270 Monetary theory

a role in intermediating the consumers’ demands for waiting embodied in the
final goods back to the ultimate suppliers of waiting, which could be the firm’s
owners. Links in a chain of intermediation involve both demanding and supplying
waiting. Intermediation and arbitrage in waiting are closely related activities.


The concept of waiting permits bypassing some distracting and often irrelevant
questions associated with a physical conception of ‘capital’. For example, what
types of goods – plant and equipment, inventories of consumer goods and other
goods in the hands of producers, durable and nondurable goods in the hands of
consumers and improved and unimproved land – should and should not count
as capital? Because of such puzzles about classification and for other reasons,
the concept of an aggregate of physical capital is inherently fuzzy. Some capital
goods are always being worn out and scrapped, and new and different ones are
always being constructed. Whether the aggregate is growing or shrinking or
staying unchanged may be hard to say, especially since unforeseen changes in
technology and tastes are always occurring and raising or lowering the market
values and the genuine usefulness of particular capital goods.3
Nobody conducts transactions in the aggregate of capital goods, and the
prices at which individual capital goods are bought and sold are quite distinct
from the interest rate. Waiting for value over time is something more nearly
homogeneous than physical capital. It commands a price of the same nature
whether it is devoted to fresh accumulation or mere maintenance of physical
capital or is used in other ways. In several contexts then, the concept of waiting
spares us from trying to distinguish between capital goods and other goods,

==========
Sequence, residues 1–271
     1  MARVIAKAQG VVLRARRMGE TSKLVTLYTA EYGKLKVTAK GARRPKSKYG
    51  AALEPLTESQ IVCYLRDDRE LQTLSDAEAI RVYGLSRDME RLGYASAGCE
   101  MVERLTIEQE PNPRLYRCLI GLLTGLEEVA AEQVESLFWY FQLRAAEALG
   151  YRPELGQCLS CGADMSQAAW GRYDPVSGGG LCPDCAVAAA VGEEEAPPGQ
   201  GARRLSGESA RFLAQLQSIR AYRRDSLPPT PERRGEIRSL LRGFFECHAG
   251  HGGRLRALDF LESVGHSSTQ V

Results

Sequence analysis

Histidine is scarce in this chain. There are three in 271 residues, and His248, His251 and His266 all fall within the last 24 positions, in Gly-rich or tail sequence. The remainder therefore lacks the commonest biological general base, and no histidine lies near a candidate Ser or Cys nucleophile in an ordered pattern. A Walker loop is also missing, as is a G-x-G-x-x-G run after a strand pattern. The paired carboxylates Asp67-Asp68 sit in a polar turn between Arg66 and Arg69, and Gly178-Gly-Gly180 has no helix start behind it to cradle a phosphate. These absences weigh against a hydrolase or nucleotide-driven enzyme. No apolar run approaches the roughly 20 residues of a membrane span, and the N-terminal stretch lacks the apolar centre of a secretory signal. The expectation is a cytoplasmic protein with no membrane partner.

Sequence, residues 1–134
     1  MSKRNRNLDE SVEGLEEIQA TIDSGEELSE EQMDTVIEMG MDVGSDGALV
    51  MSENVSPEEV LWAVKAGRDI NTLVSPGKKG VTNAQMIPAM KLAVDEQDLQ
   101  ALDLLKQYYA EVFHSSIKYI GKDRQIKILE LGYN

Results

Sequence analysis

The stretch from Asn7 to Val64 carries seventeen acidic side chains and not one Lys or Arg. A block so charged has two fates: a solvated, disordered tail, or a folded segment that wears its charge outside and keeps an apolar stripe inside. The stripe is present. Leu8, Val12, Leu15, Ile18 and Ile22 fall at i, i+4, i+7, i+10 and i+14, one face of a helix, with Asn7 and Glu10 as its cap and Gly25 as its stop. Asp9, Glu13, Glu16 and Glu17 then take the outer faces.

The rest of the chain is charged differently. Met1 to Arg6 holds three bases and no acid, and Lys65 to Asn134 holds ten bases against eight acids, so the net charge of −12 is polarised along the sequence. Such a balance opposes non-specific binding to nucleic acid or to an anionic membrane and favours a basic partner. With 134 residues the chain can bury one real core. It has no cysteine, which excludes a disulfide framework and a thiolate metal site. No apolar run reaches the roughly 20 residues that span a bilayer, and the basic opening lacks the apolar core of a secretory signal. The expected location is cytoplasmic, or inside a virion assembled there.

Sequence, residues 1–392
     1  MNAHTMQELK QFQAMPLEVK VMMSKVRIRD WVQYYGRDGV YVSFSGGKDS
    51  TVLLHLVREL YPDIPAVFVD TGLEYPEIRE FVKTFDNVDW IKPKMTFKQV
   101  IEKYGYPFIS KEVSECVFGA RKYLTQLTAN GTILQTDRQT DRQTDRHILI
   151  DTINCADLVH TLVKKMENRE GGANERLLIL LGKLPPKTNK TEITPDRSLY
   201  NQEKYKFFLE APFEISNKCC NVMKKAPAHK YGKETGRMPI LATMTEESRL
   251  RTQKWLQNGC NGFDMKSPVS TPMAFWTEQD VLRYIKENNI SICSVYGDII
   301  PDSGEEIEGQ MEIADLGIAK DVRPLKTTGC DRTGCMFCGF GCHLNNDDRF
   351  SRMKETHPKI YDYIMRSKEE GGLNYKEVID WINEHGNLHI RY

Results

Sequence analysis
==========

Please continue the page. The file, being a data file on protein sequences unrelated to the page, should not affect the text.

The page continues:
gross and net production, maintenance and accumulation, and gross and net
saving and investment. Those distinctions are vital in dealing with some
questions, but they are irrelevant distractions in dealing with some central
questions of the nature and functions of the interest rate.
A person can perform waiting and so promote the maintenance or accumu-
lation of physical capital even by just continuing to own a capital good or plot
of land or other asset instead of selling it and spending the proceeds on current
consumption. The rate of return or interest rate he receives is expressed by the
relation between the value of the services of the asset, net of depreciation and
the like, and the value of the asset itself.
One might object that the asset will continue to exist whether or not its current
owner sells it and spends the proceeds on consumption. How, then, does his
continuing to own it promote maintenance or accumulation of physical capital?
Most obviously, the owner is not engaging in consumption that he might have
engaged in and is not bidding resources away, as he might have done, from